Deep dissection is comprised of developing the layer between the posterior surface of the conjoined tendon and the anterior surface of the subscapularis in addition to biceps exposure and tenodesis. The easiest and safest place to start the dissection deep to the conjoined tendon is superiorly, just distal to the base of the coracoid. In almost all cases, the space deep to the coracoid elbow and tip, and distal to the coracoid base is relatively devoid of adhesions. Blunt dissection is performed
with a curved Mayo scissors in this area from lateral to medial. Once this space has been enlarged, digital palpation can usually identify the axillary nerve, and occasionally, the axillary artery. Distal and lateral dissection can then proceed until the axillary nerve can be palpated at the inferior aspect of the joint progressing into the quadrilateral space. The surgeon should also palpate for the musculocutaneous nerve, which, if present in the surgical field, will be slightly lateral and anterior to the axillary nerve. All neurovascular structures should be protected throughout the procedure. In some cases, the subscapularis and anterior capsule may be deficient. The process of finding the neurovascular structures is the same, but the surgeon should proceed with even greater caution.

A special mention should be made regarding the course of the musculocutaneous nerve and axillary artery in these cases. As the dissection is carried distally, along the lateral aspect of the conjoined tendon, the musculocutaneous nerve can occasionally be found in an extremely lateral and anterior location. Utilization of an electrocautery to dissect slowly along the lateral aspect of the conjoined tendon while mobilizing it away from the subscapularis can provide the surgeon a warning when the nerve is getting close to the dissection plane. One can then proceed with blunt dissection to identify and protect the nerve. The axillary artery can be scarred into the subscapularis and be damaged, even with blunt dissection. When this happens, the rate of blood loss is substantial. The situation can be stabilized with application of direct pressure. Exposure of the axillary artery can be gained quickly by releasing the conjoined tendon origin and the pectoralis minor tendon insertion from the coracoid.8 Occasionally, release of the pectoralis major tendon from the humerus is also required.8 These maneuvers allow immediate and extensile visualization of the axillary artery. Vessel loops can be passed around the artery, proximal and distal to the injury, to gain control. Definitive management may require vascular consult. This is a rare event but one that requires quick recognition and management.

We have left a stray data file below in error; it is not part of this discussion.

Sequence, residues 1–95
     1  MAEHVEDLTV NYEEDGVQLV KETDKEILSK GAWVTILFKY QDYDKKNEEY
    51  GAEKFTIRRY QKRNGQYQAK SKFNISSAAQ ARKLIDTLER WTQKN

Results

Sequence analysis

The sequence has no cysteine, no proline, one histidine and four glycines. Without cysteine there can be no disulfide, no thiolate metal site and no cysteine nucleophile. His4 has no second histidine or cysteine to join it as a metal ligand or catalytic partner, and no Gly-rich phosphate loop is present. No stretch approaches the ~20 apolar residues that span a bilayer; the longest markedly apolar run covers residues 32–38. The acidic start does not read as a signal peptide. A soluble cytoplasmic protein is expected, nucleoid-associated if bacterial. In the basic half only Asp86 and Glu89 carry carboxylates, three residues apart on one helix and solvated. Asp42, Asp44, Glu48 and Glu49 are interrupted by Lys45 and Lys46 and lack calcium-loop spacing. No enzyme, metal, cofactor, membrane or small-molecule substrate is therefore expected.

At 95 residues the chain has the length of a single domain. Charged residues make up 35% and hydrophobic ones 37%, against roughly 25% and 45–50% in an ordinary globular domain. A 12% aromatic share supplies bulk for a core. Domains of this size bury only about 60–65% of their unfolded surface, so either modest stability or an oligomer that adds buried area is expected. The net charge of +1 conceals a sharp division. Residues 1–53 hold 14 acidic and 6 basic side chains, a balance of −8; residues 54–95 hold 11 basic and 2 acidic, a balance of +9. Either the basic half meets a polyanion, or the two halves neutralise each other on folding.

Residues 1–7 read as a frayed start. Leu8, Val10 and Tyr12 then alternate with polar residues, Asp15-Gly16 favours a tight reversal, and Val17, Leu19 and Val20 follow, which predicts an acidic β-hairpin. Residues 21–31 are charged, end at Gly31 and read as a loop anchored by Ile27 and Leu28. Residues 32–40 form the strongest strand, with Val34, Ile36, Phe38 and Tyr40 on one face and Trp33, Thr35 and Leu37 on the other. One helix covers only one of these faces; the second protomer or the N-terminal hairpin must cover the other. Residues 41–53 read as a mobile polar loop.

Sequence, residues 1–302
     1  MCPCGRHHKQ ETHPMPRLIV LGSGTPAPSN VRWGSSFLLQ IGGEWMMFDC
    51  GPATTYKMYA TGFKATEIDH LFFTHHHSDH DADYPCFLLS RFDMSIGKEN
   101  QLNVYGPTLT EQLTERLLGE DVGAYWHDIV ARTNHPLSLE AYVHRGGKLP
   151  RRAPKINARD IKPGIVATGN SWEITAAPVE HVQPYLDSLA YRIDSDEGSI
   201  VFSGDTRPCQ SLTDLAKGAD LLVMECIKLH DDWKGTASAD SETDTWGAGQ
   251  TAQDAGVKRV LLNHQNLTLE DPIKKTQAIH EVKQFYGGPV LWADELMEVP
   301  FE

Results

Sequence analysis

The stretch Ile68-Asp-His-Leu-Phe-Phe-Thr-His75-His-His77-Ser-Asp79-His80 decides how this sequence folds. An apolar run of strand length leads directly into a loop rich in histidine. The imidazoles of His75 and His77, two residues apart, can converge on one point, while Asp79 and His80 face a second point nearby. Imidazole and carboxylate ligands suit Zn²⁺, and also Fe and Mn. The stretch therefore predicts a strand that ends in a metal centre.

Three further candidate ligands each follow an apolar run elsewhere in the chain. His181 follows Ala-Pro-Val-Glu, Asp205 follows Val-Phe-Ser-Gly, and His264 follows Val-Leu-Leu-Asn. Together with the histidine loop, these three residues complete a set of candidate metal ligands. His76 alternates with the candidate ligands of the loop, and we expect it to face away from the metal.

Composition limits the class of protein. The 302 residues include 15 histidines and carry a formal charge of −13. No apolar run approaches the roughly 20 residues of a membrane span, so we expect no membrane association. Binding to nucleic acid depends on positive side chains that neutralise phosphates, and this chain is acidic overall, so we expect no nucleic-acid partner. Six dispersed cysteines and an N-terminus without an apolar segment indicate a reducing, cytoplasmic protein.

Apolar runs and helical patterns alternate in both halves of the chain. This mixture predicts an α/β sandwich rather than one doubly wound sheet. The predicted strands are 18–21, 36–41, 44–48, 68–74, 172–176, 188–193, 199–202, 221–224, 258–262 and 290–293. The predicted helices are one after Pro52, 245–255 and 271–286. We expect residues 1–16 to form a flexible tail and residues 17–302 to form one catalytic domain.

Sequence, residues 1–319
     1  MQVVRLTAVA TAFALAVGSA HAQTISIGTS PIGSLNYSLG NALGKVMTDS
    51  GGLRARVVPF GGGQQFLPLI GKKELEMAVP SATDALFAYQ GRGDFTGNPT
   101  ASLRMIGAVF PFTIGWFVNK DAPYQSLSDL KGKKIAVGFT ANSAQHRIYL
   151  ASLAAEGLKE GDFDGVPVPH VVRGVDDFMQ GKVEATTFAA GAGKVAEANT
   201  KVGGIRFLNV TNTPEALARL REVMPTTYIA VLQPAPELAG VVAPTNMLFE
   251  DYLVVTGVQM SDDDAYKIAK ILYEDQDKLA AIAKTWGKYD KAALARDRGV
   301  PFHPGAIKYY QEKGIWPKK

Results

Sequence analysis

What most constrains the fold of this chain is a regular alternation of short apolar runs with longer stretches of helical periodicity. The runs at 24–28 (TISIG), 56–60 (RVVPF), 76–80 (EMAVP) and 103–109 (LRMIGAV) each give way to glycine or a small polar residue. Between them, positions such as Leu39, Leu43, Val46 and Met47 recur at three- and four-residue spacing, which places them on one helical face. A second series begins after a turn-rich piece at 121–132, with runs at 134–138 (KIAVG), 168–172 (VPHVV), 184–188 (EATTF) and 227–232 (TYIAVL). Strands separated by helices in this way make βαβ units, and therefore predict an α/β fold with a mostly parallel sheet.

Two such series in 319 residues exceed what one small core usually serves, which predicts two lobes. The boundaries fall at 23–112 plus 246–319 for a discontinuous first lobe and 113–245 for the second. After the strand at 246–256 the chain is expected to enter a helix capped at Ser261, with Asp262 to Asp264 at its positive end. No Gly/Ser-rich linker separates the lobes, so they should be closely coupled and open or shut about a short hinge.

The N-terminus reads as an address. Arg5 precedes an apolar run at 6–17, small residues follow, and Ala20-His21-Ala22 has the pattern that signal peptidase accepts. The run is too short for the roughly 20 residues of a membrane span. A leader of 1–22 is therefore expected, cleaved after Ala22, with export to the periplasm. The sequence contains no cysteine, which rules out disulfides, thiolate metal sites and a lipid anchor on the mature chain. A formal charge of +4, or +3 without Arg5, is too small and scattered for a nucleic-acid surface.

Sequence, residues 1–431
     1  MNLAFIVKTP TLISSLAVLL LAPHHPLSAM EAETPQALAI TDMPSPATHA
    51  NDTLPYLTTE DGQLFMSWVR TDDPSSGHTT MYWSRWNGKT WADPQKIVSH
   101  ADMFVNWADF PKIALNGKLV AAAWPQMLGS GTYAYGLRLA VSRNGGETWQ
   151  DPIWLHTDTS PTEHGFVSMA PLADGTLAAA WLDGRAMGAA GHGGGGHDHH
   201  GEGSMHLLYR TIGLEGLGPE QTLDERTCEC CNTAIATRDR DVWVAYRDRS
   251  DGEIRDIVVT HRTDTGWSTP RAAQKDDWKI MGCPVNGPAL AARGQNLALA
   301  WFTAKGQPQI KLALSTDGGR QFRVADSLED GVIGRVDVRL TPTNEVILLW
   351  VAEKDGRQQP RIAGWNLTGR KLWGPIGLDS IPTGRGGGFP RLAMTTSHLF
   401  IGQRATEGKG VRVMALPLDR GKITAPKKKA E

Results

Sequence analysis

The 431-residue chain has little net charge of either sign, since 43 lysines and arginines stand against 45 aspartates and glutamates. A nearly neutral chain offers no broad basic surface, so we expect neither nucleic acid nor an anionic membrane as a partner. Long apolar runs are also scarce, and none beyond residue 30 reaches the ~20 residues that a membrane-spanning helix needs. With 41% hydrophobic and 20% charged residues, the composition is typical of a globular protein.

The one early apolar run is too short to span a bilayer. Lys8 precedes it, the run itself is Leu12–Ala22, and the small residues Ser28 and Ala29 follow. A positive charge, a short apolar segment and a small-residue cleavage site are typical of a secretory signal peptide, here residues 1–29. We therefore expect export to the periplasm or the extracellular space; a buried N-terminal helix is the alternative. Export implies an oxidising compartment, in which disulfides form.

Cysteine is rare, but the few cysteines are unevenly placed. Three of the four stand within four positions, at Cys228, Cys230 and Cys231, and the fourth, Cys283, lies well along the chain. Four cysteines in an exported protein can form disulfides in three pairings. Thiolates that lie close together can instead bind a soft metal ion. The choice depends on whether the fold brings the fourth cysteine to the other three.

After complete mobilization of the conjoined tendon, it is retracted medially. The arm is placed in slight internal rotation using the mechanical arm holder. An attempt is made to aspirate the joint for fluid to send for culture. The biceps tendon is palpated slightly superior to the upper border of the pectoralis major tendon. It is then exposed by incising the sheath from the upper border of the pectoralis tendon proximally, through the bicipital groove, and across the rotator interval to the supraglenoid tubercle. This rotator interval incision is often made parallel to the upper border of the subscapularis, leaving the rotator interval tissue with the supraspinatus. Our preference is to angle slightly more posteriorly, along the anterior edge of the supraspinatus, so that the rotator interval stays with the subscapularis. This helps with visualization of the greater tuberosity junction with the prosthetic head. The long head of the biceps, when present, is then tenodesed to the upper border of the pectoralis major tendon with two nonabsorbable sutures and excised proximally. Soft-tissue cultures are sent from the bicipital groove area and the rotator interval.

Only gold members can continue reading. Log In or Register to continue

Jun 23, 2022 | Posted by in ORTHOPEDIC | Comments Off on Reverse Total Shoulder Arthroplasty After Failed Fracture Hemiarthroplasty

Full access? Get Clinical Tree

Get Clinical Tree app for offline access